The National Trade and Industrial Education Association awarded him with the Outstanding Teacher Award for his contributions in the improvement, promotion, development and progress in trade and industrial education. Lem Watkins also assisted in establishing the Griffin Technical School to ensure vocational instruction would continue after high school.
“Hundreds of lives were transformed by this one man who refused to give up on his students, even when they had given up on themselves,” wrote a former student and supporter.
2014 INDUCTEES: Elizabeth Watkins, Nina Williams Melton Jones and Chappelle Wesley CalhounTop of Page
Elizabeth Watkins was a pioneer in education and taught at GSCS for over 30 years. She began her career as an English teacher and quickly became well known for her ability to motivate students. Elizabeth also became a Hospital Homebound Teacher, taking her teaching skills from the classroom into student homes where she not only educated them but, in many cases, their parents also. In the early years of Special Education, she led the charge for equal educational opportunities for all children.
Elizabeth’s nominee wrote, “Her kind, soft, tough and motivating manner continues to encourage everyone who knows her to learn, study and to keep increasing their knowledge of the world around them. As a role model she is proof that learning never stops, educating yourself never ends and once an educator, always an educator!”
Nina Williams Melton Jones
Nina Williams Melton Jones began her career at GSCS in 1958 as a first grade teacher. Nina later taught high school science and eventually became one of the first elementary school counselors, eventually working with five different schools. During her tenure, she was honored as the District’s Science Teacher of the Year in 1972 as well as the District’s Elementary School Counselor of the Year in 1990.
“Nina Jones cared about people as individuals and was a mentor to many. Her love for learning, her immense compassion for children and her desire to help others drove her. Nina has left us a legacy that will carry on to future generations,” said her nominee.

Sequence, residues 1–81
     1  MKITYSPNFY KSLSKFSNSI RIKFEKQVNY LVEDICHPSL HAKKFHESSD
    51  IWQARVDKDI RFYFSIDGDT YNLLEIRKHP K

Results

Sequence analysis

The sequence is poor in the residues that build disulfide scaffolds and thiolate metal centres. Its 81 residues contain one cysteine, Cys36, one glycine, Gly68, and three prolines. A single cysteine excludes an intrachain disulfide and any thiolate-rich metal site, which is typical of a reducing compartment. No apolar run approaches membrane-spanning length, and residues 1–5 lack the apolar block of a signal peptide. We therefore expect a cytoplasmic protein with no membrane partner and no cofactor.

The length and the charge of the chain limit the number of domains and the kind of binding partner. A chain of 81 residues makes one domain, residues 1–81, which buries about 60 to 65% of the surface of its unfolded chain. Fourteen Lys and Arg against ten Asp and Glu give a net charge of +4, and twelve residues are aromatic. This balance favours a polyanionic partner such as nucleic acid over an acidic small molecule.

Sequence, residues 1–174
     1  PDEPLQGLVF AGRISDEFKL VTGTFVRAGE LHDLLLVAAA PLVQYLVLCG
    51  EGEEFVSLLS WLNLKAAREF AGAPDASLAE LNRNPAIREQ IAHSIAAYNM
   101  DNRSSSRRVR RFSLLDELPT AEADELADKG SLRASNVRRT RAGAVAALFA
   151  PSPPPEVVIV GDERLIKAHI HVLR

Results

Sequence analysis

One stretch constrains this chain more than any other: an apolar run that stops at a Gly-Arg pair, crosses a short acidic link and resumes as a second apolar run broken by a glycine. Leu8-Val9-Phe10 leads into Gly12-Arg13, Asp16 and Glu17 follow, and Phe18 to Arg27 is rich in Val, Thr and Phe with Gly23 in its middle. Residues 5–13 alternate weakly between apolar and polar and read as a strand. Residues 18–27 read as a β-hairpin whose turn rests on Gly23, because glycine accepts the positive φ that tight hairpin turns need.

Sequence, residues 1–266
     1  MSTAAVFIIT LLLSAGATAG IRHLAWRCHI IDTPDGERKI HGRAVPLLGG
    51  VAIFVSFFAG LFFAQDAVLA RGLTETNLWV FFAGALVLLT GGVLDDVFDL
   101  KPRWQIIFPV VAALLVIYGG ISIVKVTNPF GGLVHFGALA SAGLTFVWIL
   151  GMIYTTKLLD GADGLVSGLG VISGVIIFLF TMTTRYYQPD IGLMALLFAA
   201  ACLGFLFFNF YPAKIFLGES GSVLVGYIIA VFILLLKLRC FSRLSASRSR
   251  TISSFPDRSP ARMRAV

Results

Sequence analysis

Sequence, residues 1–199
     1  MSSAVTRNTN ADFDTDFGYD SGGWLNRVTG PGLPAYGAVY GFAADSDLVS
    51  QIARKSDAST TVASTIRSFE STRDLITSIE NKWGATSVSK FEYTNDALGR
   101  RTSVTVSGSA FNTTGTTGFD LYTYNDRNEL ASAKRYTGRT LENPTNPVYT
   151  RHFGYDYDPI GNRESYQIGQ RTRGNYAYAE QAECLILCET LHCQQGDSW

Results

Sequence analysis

Chappelle Wesley Calhoun
Chappelle Wesley Calhoun served GSCS as an eighth grade social studies teacher for 34 years. To his students, Mr. Calhoun, was far more than a teacher. He was a mentor, role-model, surrogate parent, counselor, coach, encourager and confidant.
“During his 34 years as an exemplary educator he taught students to correct wrongs, do what is right, ask questions, find answers, earn respect, be a friend, be an example, make a difference, not to live in fear of failure because failure is not final, live their best lives and to live a life that matters,” stated his nominee.
A former student of his wrote, “In 1949, Mr. Calhoun turned our one room school house into a learning wonderland by bringing the subject matter to life. He emphasized the importance of reading, writing and arithmetic as a solid foundation for future learning. I attribute a large part of my academic success to my early learning experiences in that one room under the direction of Wesley Calhoun.”
2013 INDUCTEES: Dr. Richard Beaton, Anne-Marie Lombardo and Frank Touchstone Jr.Top of Page
Dr. Richard Beaton (a.k.a. Doc)
Dr. Richard Beaton, a.k.a. Doc, was a Griffin-Spalding County School System educator for over 30 years. Dr. Beaton taught Latin, English, Greek, German, and reading at Griffin High School.
Dr. Beaton is also known for supporting GHS extracurricular activities, especially football. “Doc” was the ultimate Bear fan; he was in the stands every Friday night helping cheer the Bears to victory. This was a testament to his role as an educator, not simply a teacher, because it demonstrated his support for his students even outside of the classroom.
Anne-Marie Lombardo was a math teacher at Griffin High School for 30 years. She dedicated her career to making our school system successful and touched the lives of countless students.
One of Lombardo’s nominators stated, “Ms. Lombardo knew how to connect with her students and how to present the material in a way that will enable them to learn not just enough to survive but for them to thrive and enjoy math. She is a perfect example of a great educator…with the correct approach and attitude, like Ms. Lombardo’s, it’s possible to take any subject and any student and create success.”
Frank Touchstone, Jr.
Frank Touchstone, Jr., began his teaching career in 1953, the same year of consolidation, at Moore Elementary School. In 1959, Mr. Touchstone became the principal for Kelsey Elementary School. In 1969 Susie B. Atkinson Elementary School opened where Mr. Touchstone devoted 25 years as the principal and leader.
“Mr. Touchstone has been a positive role model for a long time in Griffin. Through his dedication, Mr. Touchstone has mentored many children, families, teachers, and other staff. Because of his power connection, many of his former employees still travel long distances to come visit him every year,” wrote one supporter.